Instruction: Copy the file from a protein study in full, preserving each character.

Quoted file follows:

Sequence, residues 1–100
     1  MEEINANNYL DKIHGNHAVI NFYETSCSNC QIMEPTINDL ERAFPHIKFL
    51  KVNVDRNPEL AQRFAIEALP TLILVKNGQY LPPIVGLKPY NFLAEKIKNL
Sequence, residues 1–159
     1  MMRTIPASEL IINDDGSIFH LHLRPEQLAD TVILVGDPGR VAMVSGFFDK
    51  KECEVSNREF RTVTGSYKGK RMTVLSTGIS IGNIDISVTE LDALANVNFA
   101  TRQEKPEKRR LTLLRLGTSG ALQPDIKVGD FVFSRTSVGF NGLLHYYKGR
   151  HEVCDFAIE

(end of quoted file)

Sequence, residues 1–100
     1  MEEINANNYL DKIHGNHAVI NFYETSCSNC QIMEPTINDL ERAFPHIKFL
    51  KVNVDRNPEL AQRFAIEALP TLILVKNGQY LPPIVGLKPY NFLAEKIKNL
Sequence, residues 1–159
     1  MMRTIPASEL IINDDGSIFH LHLRPEQLAD TVILVGDPGR VAMVSGFFDK
    51  KECEVSNREF RTVTGSYKGK RMTVLSTGIS IGNIDISVTE LDALANVNFA
   101  TRQEKPEKRR LTLLRLGTSG ALQPDIKVGD FVFSRTSVGF NGLLHYYKGR
   151  HEVCDFAIE